tax law paper

Income tax and at what time a company is carrying on a business.

For gift is legislation Div. 30 ITAA97 while for contribution is legislation 25-55 ITAA97 (Richardson, 2002)


Yes they are exempted as they are among the list exempted

It is about the loss or destruction of a capital gain asset and how to get the capital gain and capital loss in the event of loss or destruction.


The assessable income should be related to the main source of income and should be periodical.

A gift given to an employee not related to activities related to nature of work and once gift should not be included as assessable income. The payment of money made voluntary to an individual is not assessable income as it does not related to any activity done but if the activity is an appreciation for the good work done by the employee should be included as assessable income as long it related to the main source of income and the same employer(Cuff, 2016 and Nat.

Fedn. of Indep)

Ordinary income is direct and indirect inflows made by an individual, partnership or company whether made within the borders of Australia or outside the borders of Australia during a single financial year by a resident of Australia. Examples of the ordinary income are income from salaries, commission, interests, net income, tips, wages and dividends and should be assessable income (6-5 ITAA97). On the other hand the statutory income other incomes of an individual, partnership or company which are included in the assessable income for tax purposes and these incomes are provided in the tax legislation provisions of the Australian tax authority laws (ITAA36 or ITAA97) some of the statutory income are; royalties insurance bonuses, net capital gains, work in progress payment barter transactions and bad debts recovered are includes as assessable income due to tax legislation.

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Medicare levy is the extra tax imposed on the residents’ taxable income to help the government of Australia to meet the costs of running public healthcare by the government as they are commonly known as Medicare. The levy is imposed on some level of income and threshold and should be above $22398 and those below are exempted from paying the tax. The Medicare levy surcharge is an extra tax imposed on the residents who do not have any private patient hospital insurance cover and the taxable income is above certain amount. The levy surcharge is imposed to encourage residents to have the private hospital insurance cover in order to reduce the more number of people going to seek medical care services in public hospitals and the rate is determined by the tax authority and some of the exemptions have been given. Another reason for Medicare levy surcharge is to improve the private sector to be attractive to the public MLA ITAA36 and MLA MLSFBA (Council, Australian, 2017 and Freudenberg, 2017)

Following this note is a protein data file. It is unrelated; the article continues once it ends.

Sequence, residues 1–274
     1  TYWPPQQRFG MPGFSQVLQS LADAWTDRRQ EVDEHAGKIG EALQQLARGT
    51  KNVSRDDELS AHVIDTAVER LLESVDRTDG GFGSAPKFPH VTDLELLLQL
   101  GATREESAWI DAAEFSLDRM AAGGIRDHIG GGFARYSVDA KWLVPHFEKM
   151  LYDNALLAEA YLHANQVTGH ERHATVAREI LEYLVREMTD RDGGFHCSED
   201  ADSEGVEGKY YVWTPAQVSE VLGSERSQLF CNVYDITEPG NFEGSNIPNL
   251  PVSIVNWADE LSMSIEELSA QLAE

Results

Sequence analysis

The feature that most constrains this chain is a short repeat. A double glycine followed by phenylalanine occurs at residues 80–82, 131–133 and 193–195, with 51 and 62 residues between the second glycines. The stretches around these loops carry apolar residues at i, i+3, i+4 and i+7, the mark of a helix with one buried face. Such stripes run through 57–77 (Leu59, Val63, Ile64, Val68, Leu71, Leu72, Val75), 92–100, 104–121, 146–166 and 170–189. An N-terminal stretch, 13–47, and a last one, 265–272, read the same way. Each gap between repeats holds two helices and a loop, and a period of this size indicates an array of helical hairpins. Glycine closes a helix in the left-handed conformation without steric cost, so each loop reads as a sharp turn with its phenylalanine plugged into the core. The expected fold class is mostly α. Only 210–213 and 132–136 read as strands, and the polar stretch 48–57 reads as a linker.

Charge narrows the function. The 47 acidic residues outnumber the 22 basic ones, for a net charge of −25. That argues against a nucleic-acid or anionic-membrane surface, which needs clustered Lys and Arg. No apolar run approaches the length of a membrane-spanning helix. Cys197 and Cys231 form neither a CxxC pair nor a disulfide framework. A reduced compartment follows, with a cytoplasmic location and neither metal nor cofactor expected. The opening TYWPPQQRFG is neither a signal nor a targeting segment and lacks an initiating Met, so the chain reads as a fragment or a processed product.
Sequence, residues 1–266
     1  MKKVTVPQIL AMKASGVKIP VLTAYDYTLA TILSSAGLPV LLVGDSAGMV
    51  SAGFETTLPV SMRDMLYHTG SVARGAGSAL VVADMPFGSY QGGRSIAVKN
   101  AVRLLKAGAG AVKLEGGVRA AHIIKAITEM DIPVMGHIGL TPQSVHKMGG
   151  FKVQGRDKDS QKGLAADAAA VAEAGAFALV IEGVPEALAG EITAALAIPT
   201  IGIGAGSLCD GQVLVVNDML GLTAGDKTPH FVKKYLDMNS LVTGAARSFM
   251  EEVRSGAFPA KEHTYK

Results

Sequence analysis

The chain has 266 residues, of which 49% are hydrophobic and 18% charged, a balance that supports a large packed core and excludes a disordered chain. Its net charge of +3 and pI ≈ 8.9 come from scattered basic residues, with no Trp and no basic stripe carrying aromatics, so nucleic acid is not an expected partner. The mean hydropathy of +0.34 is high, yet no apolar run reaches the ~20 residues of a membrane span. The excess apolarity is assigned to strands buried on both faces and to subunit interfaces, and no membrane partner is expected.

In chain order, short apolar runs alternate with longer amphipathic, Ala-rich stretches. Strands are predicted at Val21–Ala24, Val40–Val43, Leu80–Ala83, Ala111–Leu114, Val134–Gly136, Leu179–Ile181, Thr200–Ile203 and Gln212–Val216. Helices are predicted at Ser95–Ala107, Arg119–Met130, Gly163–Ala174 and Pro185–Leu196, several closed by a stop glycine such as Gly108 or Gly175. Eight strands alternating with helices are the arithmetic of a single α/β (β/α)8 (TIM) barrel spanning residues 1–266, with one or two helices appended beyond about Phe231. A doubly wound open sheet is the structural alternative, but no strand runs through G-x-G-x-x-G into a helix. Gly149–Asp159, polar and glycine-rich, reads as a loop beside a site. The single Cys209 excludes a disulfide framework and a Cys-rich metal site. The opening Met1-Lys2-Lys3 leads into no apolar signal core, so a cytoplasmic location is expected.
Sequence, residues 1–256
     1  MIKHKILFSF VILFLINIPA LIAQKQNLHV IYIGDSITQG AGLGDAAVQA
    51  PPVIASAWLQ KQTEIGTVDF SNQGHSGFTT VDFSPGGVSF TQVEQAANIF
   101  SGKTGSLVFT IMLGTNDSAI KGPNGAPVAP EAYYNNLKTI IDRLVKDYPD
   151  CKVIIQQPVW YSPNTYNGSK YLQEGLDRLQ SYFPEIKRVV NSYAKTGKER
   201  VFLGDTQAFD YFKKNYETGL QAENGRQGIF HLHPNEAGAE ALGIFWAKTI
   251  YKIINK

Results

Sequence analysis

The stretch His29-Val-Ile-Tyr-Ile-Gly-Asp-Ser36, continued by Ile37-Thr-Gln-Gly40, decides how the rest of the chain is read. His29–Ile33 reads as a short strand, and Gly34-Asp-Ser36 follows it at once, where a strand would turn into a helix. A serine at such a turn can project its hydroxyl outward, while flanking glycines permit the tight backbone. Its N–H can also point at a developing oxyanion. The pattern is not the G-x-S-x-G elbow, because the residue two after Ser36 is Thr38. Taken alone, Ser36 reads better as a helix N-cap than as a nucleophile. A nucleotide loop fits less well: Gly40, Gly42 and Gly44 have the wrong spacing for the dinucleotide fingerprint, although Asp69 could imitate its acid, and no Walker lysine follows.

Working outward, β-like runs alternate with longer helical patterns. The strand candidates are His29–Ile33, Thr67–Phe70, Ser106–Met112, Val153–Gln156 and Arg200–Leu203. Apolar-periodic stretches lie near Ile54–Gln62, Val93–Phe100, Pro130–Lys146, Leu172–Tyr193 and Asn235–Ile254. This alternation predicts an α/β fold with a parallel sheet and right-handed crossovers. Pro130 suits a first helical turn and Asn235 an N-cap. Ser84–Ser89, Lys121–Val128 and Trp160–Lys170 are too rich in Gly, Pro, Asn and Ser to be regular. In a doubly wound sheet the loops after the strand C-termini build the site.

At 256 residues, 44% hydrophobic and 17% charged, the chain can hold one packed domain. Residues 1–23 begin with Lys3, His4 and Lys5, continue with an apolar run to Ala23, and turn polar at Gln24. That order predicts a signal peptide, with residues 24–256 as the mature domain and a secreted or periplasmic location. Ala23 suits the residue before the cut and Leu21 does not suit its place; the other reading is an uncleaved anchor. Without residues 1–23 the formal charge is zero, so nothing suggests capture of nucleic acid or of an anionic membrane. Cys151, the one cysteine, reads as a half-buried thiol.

The residence of an individual is determined to know the residents of Australia for tax purposes and if they are not Australian residents then they are exempted from paying tax as they pay tax to the country they are residents. The permanent place of abode is a where a person has settles permanently and has built or purchased a home, this can be either within Australia or outside Australia and for tax purposes all permanent pace of a bode resident are liable to pay tax as long the permanent place of a bode is within the boundaries of Australia. There are factors for an individual to be considered to have a permanent place a abode and they include, when an individual moves to another country with intention not to come back again to Australia and stay more than two year is considered to have permanent place of abode outside Australia but when moves with a temporary stay and come back then his permanent place of bode remained Australia and liable to pay tax. When the person has no connection with his or her family or relative back in Australia and had transferred all the money in accounts and investment to oversee and has no intention of coming or investing in Australia the individual is exempted from filing returns and tax.

The usual place of abode is where an individual stays and can be reached using the address of that place and should not be owned but be just used only for stay for a given period and under this circumstance and the person resides in Australian is supposed to pay tax but if stays the person works in Australia or owns business within the country and stays in another country is also liable to pay tax for the income made within the country. The usual place of abode in Australian tax system is regarded to be 183 days of the financial year if anyone have stayed in the country for 183 for each given financial year days consecutively then that person is considered to have a usual place of abode in Australia. The person is able to be reached or contacted via that place for any written document or official letter from his or her home country and the Australian authority. Any person falling under this category is considered as Australian resident for tax purposes (Daryl, 2018)